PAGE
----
NAUJAVĀN BHĀRAT SABHĀ, association of the Indian youth, was established at a convention held on 11-13 April 1928 at Jalliāṅvālā Bāgh in Amritsar at the instance of the management of the radical journal Kirtī including men like Sohan Siṅgh Josh and Bhāg Siṅgh Canadian. Like the Kirtī Kisān Sabhā it aimed at creating a youth wing of peasants and workers with a view to ushering in revolution in the country and overthrowing British imperial rule. Another organization with the same name already existed in Lahore involving mainly the collegians of the city. The Sabhā had been active between March 1926 and April 1927, but this was a secret network not known to many outside of Punjab capital.

         The first conference of the Naujavān Bhārat Sabhā took place in Amritsar in 1928 coinciding with the political conference of the Punjab Congress Committee. It was presided over by Kedārnāth Sehgal. The conference set up a sub-committee, consisting of Sohan Siṅgh Josh (Chairman), Rām Chander, M.A. Majīd, Ehsān Ilāhī, Professor Chhabīldās, Gopāl Siṅgh Qaumī and Harī Siṅgh. The second conference of the Sabhā was held on 22-24 February 1929 in Lahore under the presidentship of Sohan Siṅgh Josh. The resolutions adopted censured, in the severest terms, the government for making indiscriminate arrests of the youth following the murder of J.P. Saunders, Deputy Superintendent of Police on 17 December 1928, sought the repeal of the Arms Act and applauded the Ghadr heroes. On the last day of the conference, a portrait of one of the Ghadr leaders, Kartār Siṅgh Sarabhā, was formally unveiled and his supreme sacrifice in the cause of the nation's freedom eulogized. After a period of suppression by government, the Gāndhī-Irwin pact (1931) which was to lead to the abandonment by the Indian National Congress of the civil disobedience movement without securing the release of the youth involved was concluded. The hanging of Bhagat Siṅgh, Rājgurū and Sukhdev on 23 March 1931 on charges of murdering J.P. Saunders earned the Sabhā another short lease. The Naujavān Bhārat Sabhā and the Kirtī Kisān Sabhā held a joint session on 29 March in Karāchī and led out a procession castigating especially Mahātmā Gāndhī for what they described as his betrayal of the youth. The Sabhā was declared unlawful by government on 10 September 1934 under section 16(I) of the Criminal Law Amendment Act, 1908, after which it practically ceased to exist.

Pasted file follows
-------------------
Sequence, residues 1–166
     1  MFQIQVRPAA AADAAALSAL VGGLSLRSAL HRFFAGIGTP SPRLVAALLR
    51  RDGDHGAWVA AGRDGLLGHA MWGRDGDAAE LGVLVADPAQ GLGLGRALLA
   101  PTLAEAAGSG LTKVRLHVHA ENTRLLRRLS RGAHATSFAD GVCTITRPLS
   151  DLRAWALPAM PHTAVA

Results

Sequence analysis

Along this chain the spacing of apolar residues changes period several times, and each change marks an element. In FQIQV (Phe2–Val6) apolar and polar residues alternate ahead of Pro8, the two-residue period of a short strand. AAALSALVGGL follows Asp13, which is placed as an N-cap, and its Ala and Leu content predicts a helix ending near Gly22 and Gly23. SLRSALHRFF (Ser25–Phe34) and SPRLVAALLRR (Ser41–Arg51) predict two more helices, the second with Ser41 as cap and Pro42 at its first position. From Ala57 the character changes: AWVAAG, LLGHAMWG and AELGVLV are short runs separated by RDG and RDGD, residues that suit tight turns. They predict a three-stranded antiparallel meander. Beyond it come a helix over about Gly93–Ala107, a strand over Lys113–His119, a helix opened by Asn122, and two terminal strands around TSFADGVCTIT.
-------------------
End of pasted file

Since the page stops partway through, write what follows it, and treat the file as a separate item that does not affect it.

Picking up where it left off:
1. Kirtī. May 1928
  2. Tara Chand, History of the Freedom Movement in India.
  3. Arjan Siṅgh, Shahīd de Bol. Delhi, 1962
  4. Jagjīt Siṅgh, Ghadr Pārṭī Lahir. Delhi, 1979

Sohan Siṅgh Josh